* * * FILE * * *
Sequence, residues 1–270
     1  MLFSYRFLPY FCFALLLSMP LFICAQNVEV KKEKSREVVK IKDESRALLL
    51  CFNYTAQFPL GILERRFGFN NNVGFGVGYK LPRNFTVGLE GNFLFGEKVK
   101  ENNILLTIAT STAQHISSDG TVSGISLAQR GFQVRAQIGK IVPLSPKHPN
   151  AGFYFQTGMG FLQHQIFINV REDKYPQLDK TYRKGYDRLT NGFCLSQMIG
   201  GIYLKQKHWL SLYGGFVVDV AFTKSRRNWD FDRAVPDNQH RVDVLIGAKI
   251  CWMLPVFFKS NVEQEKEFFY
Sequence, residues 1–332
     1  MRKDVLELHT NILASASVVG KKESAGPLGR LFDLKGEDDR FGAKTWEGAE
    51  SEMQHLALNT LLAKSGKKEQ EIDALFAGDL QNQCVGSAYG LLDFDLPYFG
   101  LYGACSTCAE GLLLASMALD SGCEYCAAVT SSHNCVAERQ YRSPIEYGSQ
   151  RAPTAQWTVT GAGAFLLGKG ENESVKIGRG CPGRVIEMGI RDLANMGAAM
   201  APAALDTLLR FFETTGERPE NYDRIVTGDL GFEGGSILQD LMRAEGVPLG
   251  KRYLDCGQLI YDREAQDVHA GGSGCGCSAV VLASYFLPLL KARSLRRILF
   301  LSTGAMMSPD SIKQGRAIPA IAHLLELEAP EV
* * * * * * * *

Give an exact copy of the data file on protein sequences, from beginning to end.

Sequence, residues 1–270
     1  MLFSYRFLPY FCFALLLSMP LFICAQNVEV KKEKSREVVK IKDESRALLL
    51  CFNYTAQFPL GILERRFGFN NNVGFGVGYK LPRNFTVGLE GNFLFGEKVK
   101  ENNILLTIAT STAQHISSDG TVSGISLAQR GFQVRAQIGK IVPLSPKHPN
   151  AGFYFQTGMG FLQHQIFINV REDKYPQLDK TYRKGYDRLT NGFCLSQMIG
   201  GIYLKQKHWL SLYGGFVVDV AFTKSRRNWD FDRAVPDNQH RVDVLIGAKI
   251  CWMLPVFFKS NVEQEKEFFY
Sequence, residues 1–332
     1  MRKDVLELHT NILASASVVG KKESAGPLGR LFDLKGEDDR FGAKTWEGAE
    51  SEMQHLALNT LLAKSGKKEQ EIDALFAGDL QNQCVGSAYG LLDFDLPYFG
   101  LYGACSTCAE GLLLASMALD SGCEYCAAVT SSHNCVAERQ YRSPIEYGSQ
   151  RAPTAQWTVT GAGAFLLGKG ENESVKIGRG CPGRVIEMGI RDLANMGAAM
   201  APAALDTLLR FFETTGERPE NYDRIVTGDL GFEGGSILQD LMRAEGVPLG
   251  KRYLDCGQLI YDREAQDVHA GGSGCGCSAV VLASYFLPLL KARSLRRILF
   301  LSTGAMMSPD SIKQGRAIPA IAHLLELEAP EV